The theater’s towering neon sign is named after Forest Avenue, the crosstown spine that links South Dallas to East Oak Cliff. Until 1880, Forest Avenue was spelled with two Rs — a nod to Nathan Bedford Forrest, the Ku Klux Klan’s first Grand Wizard.
In 1930, cinema impresario M.S. White built the Forest Theatre, a $40,000 air-cooled “talking picture house.” Interstate Circuit (which managed Dallas’ Majestic, Arcadia and Highland Park theaters) took over the Forest in 1932.
That initial Forest venue perished in a fire.
Coinciding with Central Expressway’s expansion, a “new” Forest Theater opened in 1949. Catering to a white clientele, the Forest was the Southwest’s largest suburban palace. Black ticketholders were confined to the balcony.
Throughout the ’40s, blacks faced housing troubles all over Dallas. But mortgage houses didn’t vigorously oppose migration to the city’s southern side.
By 1952, South Dallas was 90-percent black.
Adhering to segregation norms, Forest Avenue High School was designated a black facility in 1956 and renamed James Madison High School. That year, the Forest Theater “reopened” as a “de lux movie house for Negroes.”
The building remained a cinema until 1965, when managers announced the Forest’s closing due to lack of patronage.
For decades, the Forest alternated between standing vacant and hosting a variety of theater-nightclubs that lured the likes of B.B. King, Al Green, The Byrds, Tina Turner, James Brown and Gladys Knight.
In June 1976, Forest Avenue was rechristened Martin Luther King, Jr. Boulevard. A young Erica Abi Wright could walk to the Forest from her home near Julius Schepps Freeway. On the big screen, she watched Bruce Lee’s slow-burn martial artistry in “Enter the Dragon” and Pam Grier’s brown-sugar ass-kicking in “Coffy.”
Erica later became Erykah Badu.
Badu began renting the empty and dilapidated Forest in 2003. The property wasn’t for sale, and Badu almost went bust bringing the 16,000-square-foot building up to code.
She changed the name to The Black Forest Theater and painted its front doors with a fist-handled Afro pick. The Black Forest housed Badu’s charity, B.L.I.N.D. (Beautiful Love Inc. Non-profit Development), which provided a soup kitchen, as well as youth-arts programs. The Black Forest’s marquee regularly spelled out Badu-like aphorisms preaching unity and community.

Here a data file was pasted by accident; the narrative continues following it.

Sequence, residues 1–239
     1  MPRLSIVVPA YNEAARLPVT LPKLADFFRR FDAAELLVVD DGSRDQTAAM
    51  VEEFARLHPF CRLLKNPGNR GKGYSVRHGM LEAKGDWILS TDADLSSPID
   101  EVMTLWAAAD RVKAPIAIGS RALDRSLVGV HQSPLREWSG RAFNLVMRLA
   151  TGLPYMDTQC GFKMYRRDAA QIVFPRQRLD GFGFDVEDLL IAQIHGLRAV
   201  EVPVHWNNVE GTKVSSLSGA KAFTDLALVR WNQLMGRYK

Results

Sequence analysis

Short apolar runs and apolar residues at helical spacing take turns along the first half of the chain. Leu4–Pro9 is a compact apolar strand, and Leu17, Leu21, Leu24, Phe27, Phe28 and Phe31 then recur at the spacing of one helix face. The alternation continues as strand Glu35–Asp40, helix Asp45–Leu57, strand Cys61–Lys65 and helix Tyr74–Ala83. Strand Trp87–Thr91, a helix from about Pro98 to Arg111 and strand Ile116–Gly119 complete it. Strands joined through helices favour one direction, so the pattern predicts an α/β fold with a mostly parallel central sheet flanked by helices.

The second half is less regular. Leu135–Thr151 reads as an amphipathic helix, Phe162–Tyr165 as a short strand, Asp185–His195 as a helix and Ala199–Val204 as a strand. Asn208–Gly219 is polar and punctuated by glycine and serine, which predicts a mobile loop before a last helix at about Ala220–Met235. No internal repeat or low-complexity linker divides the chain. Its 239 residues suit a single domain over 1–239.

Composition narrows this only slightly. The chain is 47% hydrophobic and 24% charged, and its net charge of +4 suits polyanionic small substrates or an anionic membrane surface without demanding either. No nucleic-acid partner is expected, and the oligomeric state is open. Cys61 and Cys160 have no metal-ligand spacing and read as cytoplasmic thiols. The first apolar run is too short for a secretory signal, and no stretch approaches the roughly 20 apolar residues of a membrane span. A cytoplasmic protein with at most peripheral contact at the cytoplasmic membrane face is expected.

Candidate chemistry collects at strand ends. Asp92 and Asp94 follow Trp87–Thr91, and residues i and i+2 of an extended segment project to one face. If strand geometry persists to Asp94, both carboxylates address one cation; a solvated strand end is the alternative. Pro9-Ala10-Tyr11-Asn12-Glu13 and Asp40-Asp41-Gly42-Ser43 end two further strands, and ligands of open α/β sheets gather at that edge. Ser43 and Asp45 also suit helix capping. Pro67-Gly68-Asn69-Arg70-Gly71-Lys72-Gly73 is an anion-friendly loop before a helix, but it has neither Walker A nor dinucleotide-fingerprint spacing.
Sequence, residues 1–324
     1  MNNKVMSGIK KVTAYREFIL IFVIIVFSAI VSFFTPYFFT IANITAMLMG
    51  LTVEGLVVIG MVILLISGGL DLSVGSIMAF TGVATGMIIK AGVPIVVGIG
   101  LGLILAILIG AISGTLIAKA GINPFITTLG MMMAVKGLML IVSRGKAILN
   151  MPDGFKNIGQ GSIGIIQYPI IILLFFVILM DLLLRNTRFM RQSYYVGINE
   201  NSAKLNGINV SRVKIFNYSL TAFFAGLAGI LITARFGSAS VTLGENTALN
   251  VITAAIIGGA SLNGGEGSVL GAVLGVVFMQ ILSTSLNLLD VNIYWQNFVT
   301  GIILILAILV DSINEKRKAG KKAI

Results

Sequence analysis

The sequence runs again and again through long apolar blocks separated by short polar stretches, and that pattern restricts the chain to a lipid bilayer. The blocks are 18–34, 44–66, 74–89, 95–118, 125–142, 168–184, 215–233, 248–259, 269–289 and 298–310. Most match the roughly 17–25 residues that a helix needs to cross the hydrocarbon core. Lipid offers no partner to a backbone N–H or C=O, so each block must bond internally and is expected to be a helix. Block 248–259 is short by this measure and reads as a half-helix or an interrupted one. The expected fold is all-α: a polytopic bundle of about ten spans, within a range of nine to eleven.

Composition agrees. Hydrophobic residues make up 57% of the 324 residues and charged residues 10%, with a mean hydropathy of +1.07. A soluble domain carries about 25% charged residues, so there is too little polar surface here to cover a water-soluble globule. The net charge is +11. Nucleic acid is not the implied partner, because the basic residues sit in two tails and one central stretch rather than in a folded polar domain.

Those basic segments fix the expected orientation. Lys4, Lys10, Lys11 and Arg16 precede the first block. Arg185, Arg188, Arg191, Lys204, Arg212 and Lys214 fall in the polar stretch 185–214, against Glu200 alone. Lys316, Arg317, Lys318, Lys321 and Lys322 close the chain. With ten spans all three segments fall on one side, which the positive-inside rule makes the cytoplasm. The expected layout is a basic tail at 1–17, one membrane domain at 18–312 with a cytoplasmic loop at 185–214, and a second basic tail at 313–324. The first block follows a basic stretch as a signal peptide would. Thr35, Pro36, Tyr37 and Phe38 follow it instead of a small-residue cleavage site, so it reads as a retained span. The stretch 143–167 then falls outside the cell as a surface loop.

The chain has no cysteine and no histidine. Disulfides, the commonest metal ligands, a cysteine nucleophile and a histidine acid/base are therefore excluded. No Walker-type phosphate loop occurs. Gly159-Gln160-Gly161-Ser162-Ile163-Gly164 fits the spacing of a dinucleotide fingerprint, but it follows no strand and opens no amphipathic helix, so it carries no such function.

The theater experienced a scintillating revival as Dallas’ hottest after-party. At Badu’s invitation, Dave Chappelle, Snoop Dogg, The Roots and Jill Scott entertained lucky guests until the dawn’s early light. Following his 2004 American Airlines Center sellout gig, Prince headed to the Black Forest for a royal jam- session that patrons enjoyed for a mere $20 admission.
Egypt’s ancient symbol for imperishable life is the ankh. When Prince transformed into “The Artist Formerly Known As...” his name was represented by an ankh-like character that incorporated both the male and female astrological symbols. Badu titled her 2010 album, “New Amerykah Part Two: (Return of the Ankh).”
The walls of Queen Nefertari’s tomb (1290 B.C.) narrate the passage to the afterlife. Throughout her journey to the great unknown, Nefertari is depicted as wide-eyed, cheerful and wearing a bird-like cap, which represents Mut — the hermaphroditic vulture deity, who’s sometimes depicted with breasts; sometimes with an erect penis.
Badu hoped to transform the Forest into cultural landmark, much like New York’s Apollo Theater. Her noble dream proved to be unsustainable for just one person.
However, the Forest Theater — now for sale but in serious disrepair — awaits another revival.
‘QUEEN NEFERTARI + ERYKAH BADU:’ TOMMIE ROSS
LOCATION: THE FOREST THEATER, 1920 MARTIN LUTHER KING JUNIOR BLVD. | ACCESSORIES: BRIAN ALDEN | STYLING: RICHARD D. CURTIN HEADDRESS: KENT PARKER | MARQUEE DESIGN: L.C. CORTEZ | WARDROBE CONSULTANT: CHARLES YUSKO
PRODUCTION DATE: MARCH 22, 2013 | PHOTOGRAPHY: BRYAN AMANN | DIRECTION: DANIEL KUSNER
I once dragged massive muscleman Matt to Bass Hall for a swanky Sunday matinee concert with Pink Martini.
Matt’s ginger mohawk turned heads all over Fort Worth.
After a few slinky foxtrots, Martini bandleader Thomas Lauderdale broke for intermission. So Matt and I took in a moment of afternoon sunshine.
And there on the sidewalk stood a tuxedoed — and pink mohawked — Lauderdale inhaling a cigarette.
In true Portlandia style, Lauderdale also had a vintage Polaroid slung around his bow-tied neck.
Our conversation quickly drifted to the symphony’s distractingly handsome cellist, who was also enjoying a smoke break just a few feet away.
Lauderdale's swagger is oh-so-subtle.
The bandleader slightly nodded. And the cellist — a North Texan hired for the afternoon gig — strolled over to say, “Howdy.”